Going back to school isn’t always easy. But going back to school at age 55 is a real feat! Jacinthe Martin was undaunted by the challenge. When she told people she was going back to school, many wondered whether it was a bit too late. Unruffled, Jacinthe retorted that her long career wouldn’t prevent her from exploring new avenues. Though it takes confidence and courage, it’s never too late to change career paths.
Jacinthe earned her master's degree in bilingualism studies in fall 2020. She is extremely proud of her achievement and shares her journey with us.
Changing career paths
After completing a bachelor’s degree in translation, I ended up in Japan, where I taught French and English at different levels from 1992 to 2016. When I returned to Canada, I continued teaching second languages to college students and adult learners. After 30 years of teaching on contract, I needed a change. I wanted a career that was just as satisfying but much more stable. Quite a tall order! After dozens of fruitless job applications, I realized that to succeed in today’s job market, I had to go back to school to broaden my knowledge and update my skills. All of the uncertainty I felt about being able to complete a new degree vanished when I discovered the MA in Bilingualism Studies program. It was exactly what I was looking for!
A smart choice
I chose the University of Ottawa for its values, and the MA in Bilingualism Studies for its interdisciplinary focus. Assessment, language planning, innovative second language technologies...every area of applied linguistics opened avenues that became clearer over the course of the program.
There are so many! The expertise of the teachers (to whom I am infinitely grateful), the quality of the courses and the friendly atmosphere at OLBI. The way the meals and gatherings organized every season by our contagiously enthusiastic program director, Marie-Josée Hamel, helped bring us closer. Also, the diversity of the students. Since I’m passionate about intercultural relations (I’m planning on adding more languages to the six I already know!), I found this international environment extremely invigorating.
Rushing to catch up
The most challenging thing for me was being 30 years behind! Most of my classmates had completed their bachelor’s degrees in the 21st century. I had done mine back in the 80s! The new technologies and innovative approaches were quite hard to adjust to at first. I overcame this challenge by questioning, searching, asking teachers, librarians and mentors for advice and participating in workshops. My turning point was the methodology course taught by OLBI director Jérémie Séror. His course taught me that you can learn anything. I learned to learn, which made me want to learn even more!
On a personal level, I had to juggle my family responsibilities. With two teenage kids, my return to school was an adjustment for the whole family. Since many of my courses were in the evening, I remember I often used my breaks to call my children and make sure they ate and did their homework. In a way, it also helped them become more responsible.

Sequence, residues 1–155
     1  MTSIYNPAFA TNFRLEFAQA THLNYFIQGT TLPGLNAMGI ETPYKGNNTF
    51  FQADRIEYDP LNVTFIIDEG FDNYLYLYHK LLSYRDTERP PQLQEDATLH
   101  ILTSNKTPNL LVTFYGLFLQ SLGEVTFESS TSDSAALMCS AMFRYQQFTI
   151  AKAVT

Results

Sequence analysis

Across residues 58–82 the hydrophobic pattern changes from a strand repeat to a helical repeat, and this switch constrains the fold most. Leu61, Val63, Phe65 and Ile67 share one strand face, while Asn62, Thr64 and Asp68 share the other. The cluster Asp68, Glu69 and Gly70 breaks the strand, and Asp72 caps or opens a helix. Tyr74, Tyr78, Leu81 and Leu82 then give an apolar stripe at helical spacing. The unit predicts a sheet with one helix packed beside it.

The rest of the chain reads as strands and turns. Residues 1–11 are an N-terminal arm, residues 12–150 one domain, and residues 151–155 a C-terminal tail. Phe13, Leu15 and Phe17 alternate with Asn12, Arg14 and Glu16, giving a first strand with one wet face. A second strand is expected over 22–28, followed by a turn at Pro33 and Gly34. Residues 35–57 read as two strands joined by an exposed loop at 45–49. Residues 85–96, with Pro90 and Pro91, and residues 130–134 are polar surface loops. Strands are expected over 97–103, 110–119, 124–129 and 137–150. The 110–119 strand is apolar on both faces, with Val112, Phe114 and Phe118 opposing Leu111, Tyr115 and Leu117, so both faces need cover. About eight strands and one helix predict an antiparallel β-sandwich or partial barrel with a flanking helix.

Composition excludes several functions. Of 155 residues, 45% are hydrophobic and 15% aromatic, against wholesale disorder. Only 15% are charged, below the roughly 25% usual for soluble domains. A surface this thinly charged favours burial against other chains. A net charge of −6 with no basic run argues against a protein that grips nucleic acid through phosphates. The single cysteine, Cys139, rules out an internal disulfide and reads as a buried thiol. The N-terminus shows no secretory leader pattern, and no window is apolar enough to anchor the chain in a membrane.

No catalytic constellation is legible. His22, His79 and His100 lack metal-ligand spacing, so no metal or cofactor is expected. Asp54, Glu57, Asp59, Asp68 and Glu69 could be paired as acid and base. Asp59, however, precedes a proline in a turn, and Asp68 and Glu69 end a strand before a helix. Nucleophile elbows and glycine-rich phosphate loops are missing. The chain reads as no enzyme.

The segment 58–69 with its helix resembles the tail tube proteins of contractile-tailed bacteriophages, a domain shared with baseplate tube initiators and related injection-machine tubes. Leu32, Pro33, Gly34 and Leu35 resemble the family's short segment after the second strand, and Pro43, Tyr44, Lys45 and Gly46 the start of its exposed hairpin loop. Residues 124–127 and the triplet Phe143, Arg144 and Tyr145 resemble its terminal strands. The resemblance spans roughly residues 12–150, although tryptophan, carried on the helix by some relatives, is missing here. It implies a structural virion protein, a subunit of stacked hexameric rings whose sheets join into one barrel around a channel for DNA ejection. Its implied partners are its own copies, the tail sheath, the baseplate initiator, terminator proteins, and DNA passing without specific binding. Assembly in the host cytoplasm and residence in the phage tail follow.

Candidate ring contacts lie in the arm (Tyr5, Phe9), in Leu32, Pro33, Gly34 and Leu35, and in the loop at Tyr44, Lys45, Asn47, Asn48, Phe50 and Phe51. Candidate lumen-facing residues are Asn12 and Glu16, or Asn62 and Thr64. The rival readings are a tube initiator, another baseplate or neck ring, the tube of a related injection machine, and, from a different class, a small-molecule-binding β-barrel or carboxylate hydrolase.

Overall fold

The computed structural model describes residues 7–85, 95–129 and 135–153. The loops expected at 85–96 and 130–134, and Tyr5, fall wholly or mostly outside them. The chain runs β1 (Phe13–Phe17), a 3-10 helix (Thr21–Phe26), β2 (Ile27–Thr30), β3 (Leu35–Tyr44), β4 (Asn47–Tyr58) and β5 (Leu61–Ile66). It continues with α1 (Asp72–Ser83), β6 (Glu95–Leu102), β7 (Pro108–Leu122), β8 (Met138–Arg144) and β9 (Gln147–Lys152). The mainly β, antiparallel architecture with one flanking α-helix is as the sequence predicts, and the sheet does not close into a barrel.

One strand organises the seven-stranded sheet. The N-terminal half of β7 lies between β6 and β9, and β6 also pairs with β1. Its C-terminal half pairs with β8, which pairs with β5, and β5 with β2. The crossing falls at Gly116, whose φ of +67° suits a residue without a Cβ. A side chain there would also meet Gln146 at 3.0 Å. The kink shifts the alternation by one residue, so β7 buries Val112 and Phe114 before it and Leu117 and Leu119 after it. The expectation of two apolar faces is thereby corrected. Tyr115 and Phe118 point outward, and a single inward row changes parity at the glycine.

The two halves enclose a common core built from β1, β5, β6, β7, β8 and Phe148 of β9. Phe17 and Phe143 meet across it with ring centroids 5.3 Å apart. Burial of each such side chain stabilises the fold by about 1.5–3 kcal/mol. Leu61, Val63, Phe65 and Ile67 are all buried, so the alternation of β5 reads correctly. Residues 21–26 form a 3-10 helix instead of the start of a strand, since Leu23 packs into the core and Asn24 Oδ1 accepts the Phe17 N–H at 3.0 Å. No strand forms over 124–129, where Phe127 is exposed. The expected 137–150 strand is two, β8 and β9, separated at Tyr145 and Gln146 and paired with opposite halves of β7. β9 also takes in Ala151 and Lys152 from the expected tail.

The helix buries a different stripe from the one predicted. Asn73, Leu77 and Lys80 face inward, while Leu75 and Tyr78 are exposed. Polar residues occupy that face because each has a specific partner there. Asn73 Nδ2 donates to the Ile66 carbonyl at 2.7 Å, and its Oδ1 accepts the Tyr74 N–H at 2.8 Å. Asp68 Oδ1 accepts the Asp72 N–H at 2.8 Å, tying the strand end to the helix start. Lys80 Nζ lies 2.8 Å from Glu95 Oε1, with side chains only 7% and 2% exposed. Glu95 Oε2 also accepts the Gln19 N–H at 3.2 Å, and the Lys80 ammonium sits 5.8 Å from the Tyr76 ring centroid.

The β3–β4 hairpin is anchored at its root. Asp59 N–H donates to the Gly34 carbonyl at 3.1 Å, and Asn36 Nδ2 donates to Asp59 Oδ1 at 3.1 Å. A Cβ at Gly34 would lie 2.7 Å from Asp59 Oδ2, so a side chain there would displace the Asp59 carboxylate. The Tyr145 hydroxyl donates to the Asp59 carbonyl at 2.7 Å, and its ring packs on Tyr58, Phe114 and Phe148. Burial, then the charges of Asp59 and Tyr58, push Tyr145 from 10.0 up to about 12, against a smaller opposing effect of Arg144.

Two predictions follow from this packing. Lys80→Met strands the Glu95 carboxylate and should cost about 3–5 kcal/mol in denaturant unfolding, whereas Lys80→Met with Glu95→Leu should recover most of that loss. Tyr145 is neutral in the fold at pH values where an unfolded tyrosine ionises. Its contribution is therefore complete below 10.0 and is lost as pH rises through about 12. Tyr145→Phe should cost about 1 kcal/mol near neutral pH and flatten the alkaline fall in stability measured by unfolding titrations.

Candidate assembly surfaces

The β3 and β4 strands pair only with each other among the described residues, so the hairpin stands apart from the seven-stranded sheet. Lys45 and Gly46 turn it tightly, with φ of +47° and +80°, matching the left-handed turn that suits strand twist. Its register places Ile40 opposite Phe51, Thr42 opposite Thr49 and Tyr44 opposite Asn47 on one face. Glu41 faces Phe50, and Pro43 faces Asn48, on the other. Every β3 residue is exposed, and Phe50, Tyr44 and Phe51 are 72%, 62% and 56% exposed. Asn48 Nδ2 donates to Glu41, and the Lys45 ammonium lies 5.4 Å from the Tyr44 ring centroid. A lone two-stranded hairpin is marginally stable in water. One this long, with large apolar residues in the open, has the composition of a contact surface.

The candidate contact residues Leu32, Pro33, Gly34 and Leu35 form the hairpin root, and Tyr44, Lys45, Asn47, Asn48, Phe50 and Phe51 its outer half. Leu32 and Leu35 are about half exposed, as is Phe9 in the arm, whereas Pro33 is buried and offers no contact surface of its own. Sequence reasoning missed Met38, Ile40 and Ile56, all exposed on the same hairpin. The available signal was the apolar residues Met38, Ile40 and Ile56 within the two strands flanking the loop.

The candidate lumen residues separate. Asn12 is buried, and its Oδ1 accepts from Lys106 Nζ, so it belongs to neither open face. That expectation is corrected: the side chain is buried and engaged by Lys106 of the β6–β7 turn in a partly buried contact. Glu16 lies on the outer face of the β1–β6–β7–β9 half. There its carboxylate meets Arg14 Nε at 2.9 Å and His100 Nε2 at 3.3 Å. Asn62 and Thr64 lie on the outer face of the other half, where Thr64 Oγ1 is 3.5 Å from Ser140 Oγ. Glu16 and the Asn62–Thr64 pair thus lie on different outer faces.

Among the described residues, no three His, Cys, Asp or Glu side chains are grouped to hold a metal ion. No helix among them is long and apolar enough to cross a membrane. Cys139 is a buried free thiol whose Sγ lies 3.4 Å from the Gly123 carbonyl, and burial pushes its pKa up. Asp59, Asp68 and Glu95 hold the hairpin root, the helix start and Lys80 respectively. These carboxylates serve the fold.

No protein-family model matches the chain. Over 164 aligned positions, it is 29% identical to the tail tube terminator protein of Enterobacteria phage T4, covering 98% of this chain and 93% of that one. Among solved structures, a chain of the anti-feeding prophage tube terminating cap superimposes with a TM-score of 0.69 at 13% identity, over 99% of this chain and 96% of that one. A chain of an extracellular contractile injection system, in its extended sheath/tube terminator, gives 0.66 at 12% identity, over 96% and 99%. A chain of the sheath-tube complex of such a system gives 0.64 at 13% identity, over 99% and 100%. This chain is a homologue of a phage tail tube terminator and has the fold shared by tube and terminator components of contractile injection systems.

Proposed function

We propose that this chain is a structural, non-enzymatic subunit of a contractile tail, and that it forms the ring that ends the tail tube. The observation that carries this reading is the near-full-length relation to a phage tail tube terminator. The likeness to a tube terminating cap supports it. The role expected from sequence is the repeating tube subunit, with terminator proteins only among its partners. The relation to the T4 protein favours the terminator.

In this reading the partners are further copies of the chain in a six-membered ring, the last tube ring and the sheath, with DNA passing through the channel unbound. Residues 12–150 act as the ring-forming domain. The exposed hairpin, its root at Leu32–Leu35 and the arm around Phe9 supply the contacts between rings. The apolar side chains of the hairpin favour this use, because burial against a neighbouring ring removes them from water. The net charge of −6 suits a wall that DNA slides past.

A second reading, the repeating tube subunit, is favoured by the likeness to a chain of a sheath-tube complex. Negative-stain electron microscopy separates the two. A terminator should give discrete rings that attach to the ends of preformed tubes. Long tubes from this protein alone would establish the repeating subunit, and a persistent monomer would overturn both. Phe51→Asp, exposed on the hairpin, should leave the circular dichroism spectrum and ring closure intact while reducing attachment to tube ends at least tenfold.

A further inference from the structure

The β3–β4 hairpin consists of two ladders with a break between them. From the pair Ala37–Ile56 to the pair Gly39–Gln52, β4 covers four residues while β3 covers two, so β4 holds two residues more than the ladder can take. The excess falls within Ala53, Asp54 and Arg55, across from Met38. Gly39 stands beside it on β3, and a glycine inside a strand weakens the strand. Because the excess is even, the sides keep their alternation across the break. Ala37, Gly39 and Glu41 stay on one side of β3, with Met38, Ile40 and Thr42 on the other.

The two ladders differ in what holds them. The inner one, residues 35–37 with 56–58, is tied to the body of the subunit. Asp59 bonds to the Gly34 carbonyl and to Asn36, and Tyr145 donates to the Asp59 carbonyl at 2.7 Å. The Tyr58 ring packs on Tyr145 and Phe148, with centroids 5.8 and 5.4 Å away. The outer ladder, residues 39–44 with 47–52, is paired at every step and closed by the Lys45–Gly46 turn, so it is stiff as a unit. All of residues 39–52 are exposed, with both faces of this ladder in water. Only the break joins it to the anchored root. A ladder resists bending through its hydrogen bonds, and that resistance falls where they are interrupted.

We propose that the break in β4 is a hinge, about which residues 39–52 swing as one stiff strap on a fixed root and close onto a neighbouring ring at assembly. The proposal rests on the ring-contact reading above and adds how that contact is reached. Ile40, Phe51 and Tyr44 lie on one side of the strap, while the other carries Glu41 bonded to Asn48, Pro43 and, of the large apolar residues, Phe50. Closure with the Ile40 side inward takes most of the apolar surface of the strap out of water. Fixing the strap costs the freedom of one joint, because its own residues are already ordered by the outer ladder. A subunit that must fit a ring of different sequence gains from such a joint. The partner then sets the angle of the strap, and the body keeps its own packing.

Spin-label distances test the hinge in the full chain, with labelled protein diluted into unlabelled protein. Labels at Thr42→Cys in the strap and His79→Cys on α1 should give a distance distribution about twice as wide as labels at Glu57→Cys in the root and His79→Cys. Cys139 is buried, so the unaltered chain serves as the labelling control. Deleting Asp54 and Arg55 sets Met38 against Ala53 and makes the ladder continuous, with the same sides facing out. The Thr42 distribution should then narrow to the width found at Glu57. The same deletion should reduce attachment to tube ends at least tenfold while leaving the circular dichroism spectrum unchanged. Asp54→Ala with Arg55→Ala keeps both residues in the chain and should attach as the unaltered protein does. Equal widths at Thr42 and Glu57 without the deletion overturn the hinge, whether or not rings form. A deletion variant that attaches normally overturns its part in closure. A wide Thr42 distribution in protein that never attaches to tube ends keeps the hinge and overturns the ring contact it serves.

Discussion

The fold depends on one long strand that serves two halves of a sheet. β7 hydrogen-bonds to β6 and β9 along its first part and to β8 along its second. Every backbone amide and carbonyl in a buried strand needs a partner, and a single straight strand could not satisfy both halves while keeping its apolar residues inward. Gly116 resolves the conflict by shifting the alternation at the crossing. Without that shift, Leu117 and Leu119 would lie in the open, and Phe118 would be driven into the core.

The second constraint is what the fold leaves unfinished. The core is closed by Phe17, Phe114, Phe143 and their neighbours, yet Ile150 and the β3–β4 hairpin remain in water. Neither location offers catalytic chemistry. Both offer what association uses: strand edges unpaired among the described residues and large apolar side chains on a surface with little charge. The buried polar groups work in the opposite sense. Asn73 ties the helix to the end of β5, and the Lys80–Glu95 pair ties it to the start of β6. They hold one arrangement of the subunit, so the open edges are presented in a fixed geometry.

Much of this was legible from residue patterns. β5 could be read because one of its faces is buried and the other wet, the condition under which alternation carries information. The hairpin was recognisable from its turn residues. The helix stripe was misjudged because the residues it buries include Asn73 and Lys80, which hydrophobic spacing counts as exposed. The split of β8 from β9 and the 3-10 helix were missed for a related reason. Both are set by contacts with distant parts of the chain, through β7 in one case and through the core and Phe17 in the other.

"Going back to school revived my love of teaching, pushed me to challenge myself, gave me confidence and, most importantly, made me passionate about making our world more equal!"
Benefits of an intergenerational cohort
Far from separating us, our diversity brought us together and fostered friendship and collaboration. My classmates taught me so many things, and in turn, I was able to share my five decades of life experience with them.
Where job market expectations and needs meet
The program definitely equipped me for today’s job market. I got to use my new skills to address real needs during my practicum at the Centre for Canadian Language Benchmarks (CCLB). My degree also proved useful in my new teaching job at OLBI and in my parallel role as translation and instructional design consultant at the CCLB. I would never have gotten these jobs without my master’s in bilingualism studies!
Technology: An asset for language learning
Technology will definitely play an increasingly important role in language teaching (and any other kind of teaching). My students find distance learning to be more effective and agile. It gives them more opportunities to practice speaking and allows them to quickly move from the main group to the breakout groups. Distance learning is also more egalitarian as it gives everyone the same access to education no matter where they live. I feel well-equipped to accompany learners through this evolved reality.
Any advice for people who are thinking of changing career paths?
Follow your passions! Learning is a lifelong journey. When I was 20, I found studying laborious. At 55, I found it stimulating and rewarding! Going back to school revived my love of teaching, pushed me to challenge myself, gave me confidence and, most importantly, made me passionate about making our world more equal! Thank you, University of Ottawa, for inspiring me and giving me the most rewarding experience of my life!